ITHACA, N.Y. — City officials and residents got a first look Wednesday at Mayor Svante Myrick’s proposed 2020 budget, which includes a tax levy and tax rate increase. It also includes funding to implement the city’s Green New Deal.
The tax levy will increase by 2.99%. It also contains a tax rate increase of 11 cents. The rate is increasing from $11.60 to $11.71 per thousand of assessed property. So, owners of median-valued $230,000 homes (based on 2018 assessment) in Ithaca would see about a $25 increase in their property tax bill.
Before diving into the numbers, Myrick said the city has seen a growth in expenditures, particularly when it comes to staff. In the last three years, the City of Ithaca has added 40 new staff members. “That’s really starting to show itself,” Myrick said. Since last year, wages are up $650,000 and health insurance is up $680,000, Myrick said.
Still, the proposed budget includes a modest addition of new staff for 2020, including hiring someone to implement the city’s Green New Deal. Including the staff hire, the city will be committing more than $250,000 to implement the Green New Deal, which passed in June.
Several people during the public comment period of Common Council on Wednesday urged the city to act on its Green New Deal, which sets goals for the city to be carbon neutral by 2030 with 100% of government operations using renewable electricity by 2025 and emissions from the city’s vehicle fleet reduced by 50% by 2025.
• Related: Ithaca’s Green New Deal passes, now the hard work begins
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Tompkins County is also in the midst of budget season and reducing greenhouse gas emissions is a key theme in its 2020 budget as well. Over the next 15 years, the county intends to invest $100 million to get as close to eliminating greenhouse gas emissions as possible.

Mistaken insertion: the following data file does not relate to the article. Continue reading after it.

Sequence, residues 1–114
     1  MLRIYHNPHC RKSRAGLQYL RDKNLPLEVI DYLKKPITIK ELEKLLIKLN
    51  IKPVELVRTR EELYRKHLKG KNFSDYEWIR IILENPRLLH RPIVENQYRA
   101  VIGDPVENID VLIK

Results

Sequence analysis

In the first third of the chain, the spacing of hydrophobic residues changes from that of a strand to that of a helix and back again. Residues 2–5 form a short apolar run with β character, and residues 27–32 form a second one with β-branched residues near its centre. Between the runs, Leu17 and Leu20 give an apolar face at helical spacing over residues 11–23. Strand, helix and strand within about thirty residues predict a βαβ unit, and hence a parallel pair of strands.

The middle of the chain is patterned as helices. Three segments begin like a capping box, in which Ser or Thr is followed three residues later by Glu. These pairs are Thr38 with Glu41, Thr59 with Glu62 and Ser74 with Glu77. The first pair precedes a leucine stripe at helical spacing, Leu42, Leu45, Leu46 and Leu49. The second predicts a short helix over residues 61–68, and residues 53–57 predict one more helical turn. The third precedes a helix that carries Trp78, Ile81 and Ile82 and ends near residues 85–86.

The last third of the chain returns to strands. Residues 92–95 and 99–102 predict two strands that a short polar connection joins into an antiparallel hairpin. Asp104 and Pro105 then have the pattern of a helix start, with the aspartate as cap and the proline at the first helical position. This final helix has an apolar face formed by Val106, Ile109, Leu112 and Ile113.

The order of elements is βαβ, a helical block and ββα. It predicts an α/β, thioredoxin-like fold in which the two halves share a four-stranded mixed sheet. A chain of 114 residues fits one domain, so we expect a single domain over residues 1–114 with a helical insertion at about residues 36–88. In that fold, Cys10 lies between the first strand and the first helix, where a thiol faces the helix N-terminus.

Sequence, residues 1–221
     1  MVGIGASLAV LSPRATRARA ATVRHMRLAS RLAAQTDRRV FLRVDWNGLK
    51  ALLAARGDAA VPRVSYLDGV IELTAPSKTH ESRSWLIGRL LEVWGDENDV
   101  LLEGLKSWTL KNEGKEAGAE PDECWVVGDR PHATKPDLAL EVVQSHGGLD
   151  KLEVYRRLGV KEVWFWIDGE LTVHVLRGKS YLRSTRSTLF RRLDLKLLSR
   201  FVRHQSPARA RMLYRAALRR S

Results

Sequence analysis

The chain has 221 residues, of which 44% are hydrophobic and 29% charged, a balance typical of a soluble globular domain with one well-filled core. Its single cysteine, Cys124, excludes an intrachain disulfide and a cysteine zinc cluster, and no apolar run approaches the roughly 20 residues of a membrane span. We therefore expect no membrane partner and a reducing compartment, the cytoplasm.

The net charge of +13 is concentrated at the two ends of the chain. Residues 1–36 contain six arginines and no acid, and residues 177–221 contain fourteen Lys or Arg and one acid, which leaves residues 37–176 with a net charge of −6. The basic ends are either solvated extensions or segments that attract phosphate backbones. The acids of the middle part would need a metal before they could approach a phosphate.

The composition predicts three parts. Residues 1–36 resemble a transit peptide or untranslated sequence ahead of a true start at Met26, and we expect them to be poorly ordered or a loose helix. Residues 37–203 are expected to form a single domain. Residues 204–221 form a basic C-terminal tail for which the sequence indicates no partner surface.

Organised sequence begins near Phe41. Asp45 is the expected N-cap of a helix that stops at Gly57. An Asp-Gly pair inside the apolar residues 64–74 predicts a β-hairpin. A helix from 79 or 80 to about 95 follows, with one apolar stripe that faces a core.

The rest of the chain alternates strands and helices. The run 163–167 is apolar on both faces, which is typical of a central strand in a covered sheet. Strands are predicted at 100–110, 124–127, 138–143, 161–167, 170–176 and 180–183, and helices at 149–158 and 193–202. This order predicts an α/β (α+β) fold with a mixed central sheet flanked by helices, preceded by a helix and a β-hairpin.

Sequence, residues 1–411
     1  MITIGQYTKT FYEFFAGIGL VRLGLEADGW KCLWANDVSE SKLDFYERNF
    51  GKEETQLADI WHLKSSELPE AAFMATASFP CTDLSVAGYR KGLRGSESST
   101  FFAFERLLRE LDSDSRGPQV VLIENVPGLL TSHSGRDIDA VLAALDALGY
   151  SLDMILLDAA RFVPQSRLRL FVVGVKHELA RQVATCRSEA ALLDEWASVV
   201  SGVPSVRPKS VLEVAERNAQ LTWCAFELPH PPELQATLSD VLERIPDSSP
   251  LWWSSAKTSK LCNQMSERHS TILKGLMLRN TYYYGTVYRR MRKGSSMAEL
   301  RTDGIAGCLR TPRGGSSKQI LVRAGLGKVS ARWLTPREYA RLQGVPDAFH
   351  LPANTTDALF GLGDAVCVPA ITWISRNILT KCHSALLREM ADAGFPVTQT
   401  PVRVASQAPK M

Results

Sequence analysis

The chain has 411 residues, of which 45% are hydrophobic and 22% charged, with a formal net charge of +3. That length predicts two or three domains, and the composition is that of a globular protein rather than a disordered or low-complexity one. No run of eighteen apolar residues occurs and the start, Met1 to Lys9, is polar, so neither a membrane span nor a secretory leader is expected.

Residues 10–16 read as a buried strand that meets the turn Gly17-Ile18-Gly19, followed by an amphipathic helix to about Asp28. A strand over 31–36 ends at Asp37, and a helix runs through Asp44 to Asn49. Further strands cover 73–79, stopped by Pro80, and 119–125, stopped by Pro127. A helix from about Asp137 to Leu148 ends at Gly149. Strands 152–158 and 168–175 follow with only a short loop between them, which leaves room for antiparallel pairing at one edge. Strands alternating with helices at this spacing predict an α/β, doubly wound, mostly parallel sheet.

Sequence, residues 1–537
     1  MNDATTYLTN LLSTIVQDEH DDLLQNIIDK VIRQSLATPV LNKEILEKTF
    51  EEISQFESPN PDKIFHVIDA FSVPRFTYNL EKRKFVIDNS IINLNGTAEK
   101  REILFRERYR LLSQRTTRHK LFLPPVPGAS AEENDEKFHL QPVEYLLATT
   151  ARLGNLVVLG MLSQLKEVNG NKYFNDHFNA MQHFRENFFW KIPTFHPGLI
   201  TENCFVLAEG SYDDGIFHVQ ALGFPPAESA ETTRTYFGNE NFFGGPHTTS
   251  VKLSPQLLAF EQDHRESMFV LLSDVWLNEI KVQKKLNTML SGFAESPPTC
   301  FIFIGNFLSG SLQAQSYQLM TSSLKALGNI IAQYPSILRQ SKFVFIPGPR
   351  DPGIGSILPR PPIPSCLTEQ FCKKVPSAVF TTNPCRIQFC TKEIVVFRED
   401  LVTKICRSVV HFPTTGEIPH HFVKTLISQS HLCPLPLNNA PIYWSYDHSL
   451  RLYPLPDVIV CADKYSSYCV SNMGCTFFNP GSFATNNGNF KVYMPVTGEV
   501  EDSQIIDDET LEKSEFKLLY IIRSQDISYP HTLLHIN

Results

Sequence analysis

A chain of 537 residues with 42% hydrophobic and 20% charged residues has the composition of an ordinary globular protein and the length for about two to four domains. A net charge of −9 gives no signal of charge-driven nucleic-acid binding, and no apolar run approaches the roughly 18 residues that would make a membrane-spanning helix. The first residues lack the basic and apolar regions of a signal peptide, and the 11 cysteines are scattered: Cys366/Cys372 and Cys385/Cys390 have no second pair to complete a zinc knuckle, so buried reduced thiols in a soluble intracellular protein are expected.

With its 2020 proposed budget, the City of Ithaca also intends to add a deputy fire chief and a new half-time assistant city attorney.
The budget includes funding for the same number of police officers, new police vehicles, new pumper trucks, and permanent funding for two of the four firefighters funded through a SAFER grant.
In 2016, the Ithaca Fire Department received a $634,000 federal grant to fund the salary of four firefighters for two years. When awarded, the IFD said it was a good start to getting closer to the number of firefighters they need to handle their call volume.
The city will also be boosting its contribution to two collaborative programs — the Community Housing Development Fund and the community outreach worker program. The budget also includes a 1.5% increase in funding for TCAD, the Human Services Coalition, Southside Community Center and Community Science Institute.
There will be no change in sidewalk, sewer, trash tag or waste fees, Myrick said, but the water rate will increase from $7.88 to $8.67.
Moving forward, city departments can make requests and local residents will have a chance to weigh in at a public hearing planned for 6 p.m. Thursday, Oct. 10 in Common Council Chambers.
Read through the budget documents available online here.
Have questions about the budget or want something explored further? Email Managing Editor Kelsey O’Connor at email@example.com.